White et al in U.S. Pat. No. 6,291,085 disclose a method for producing ZnO films containing p-type dopants, in which the p-type dopant is arsenic and the substrate is gallium arsenide (GaAs). The method of preparation of the film is laser ablation. However, the crystal quality of the films prepared by such a process is inferior and not suitable for device applications.
Although some progress has recently been made in the fabrication of p-type doped ZnO films which can be utilized in the formation of p-n junctions, a need still exists in the industry for ZnO films which contain higher net acceptor concentrations and possess lower resistivity values.
The invented method described herein overcomes the disadvantages noted above with respect to previous techniques for making p-type zinc oxide layers. This method can be used to make relatively high-quality light emitting diodes (LEDs), laser diodes (LDs), field effect transistors (FETs), and photodetectors, and other electrical, electro-optic, or opto-electrical devices.
Broadly stated, a method in accordance with the invention comprises forming a magnesium, cadmium, and/or zinc oxide (Mg1−x−yCdxZnyO; 0≦x<1, 0<y≦1, and x+y=0.1 to 1) II-VI Group compound semiconductor crystal layer with a p-type dopant uniformly incorporated into the layer, with said layer having relatively high crystal quality. The method can be implemented using metalorganic chemical vapor deposition (MOCVD) or metalorganic vapor phase epitaxy (MOVPE) techniques.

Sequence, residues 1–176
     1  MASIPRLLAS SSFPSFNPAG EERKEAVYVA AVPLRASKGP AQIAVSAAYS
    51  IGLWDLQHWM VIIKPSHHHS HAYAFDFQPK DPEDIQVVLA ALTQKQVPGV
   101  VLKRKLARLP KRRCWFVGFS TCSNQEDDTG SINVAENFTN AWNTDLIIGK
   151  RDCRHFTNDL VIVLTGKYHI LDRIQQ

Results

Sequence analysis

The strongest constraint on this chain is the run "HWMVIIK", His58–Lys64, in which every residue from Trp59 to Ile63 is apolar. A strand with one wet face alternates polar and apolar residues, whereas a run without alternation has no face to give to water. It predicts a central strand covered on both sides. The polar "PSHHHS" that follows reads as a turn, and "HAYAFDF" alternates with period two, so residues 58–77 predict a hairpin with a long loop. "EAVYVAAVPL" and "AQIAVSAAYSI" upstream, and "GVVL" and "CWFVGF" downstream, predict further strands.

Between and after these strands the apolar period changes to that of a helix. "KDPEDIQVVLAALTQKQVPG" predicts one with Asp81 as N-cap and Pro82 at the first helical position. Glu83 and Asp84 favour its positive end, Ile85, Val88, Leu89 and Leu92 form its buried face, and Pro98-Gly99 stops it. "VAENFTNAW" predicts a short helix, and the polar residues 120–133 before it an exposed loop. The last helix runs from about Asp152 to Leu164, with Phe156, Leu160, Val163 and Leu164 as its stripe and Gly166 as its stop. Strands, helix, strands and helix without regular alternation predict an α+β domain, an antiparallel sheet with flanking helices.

In one embodiment, the method for growing a p-type ZnO-based film, optionally with magnesium or cadmium, on a ZnO substrate can comprise cleaning a ZnO substrate. The cleaning can be performed to ensure that a ZnO film can be formed on the ZnO substrate with a reduced number of defects, and will also properly adhere to the substrate. The method can further comprise heating the substrate. The heating of the substrate causes the reaction gases containing magnesium, cadmium, and/or zinc and oxygen, and p-type dopant atoms, to bond and integrate with the substrate to form a relatively crystalline p-type semiconductor layer. The substrate can be heated to a temperature between 250 degrees celsius (C) and about 650 degrees C. The method can further comprise supplying reaction gases into a chamber containing the ZnO substrate. The reaction gases contain zinc and oxygen elements and p-type dopant atoms for forming the p-type ZnO layer. The p-type dopant gas can include one or more atomic elements from Groups IA, IB, VA and/or VB of the periodic table of the elements. For example, such element can include magnesium, cadmium, copper, arsenic, phosphorus, and others. The reaction gases can be admitted into the chamber at flow rates ranging from ten (10) to five-thousand (5000) standard cubic centimeters per minute (sccm). The method can comprise entraining one or more of the reaction gases into a flow of inert gas for delivery to the substrate's surface.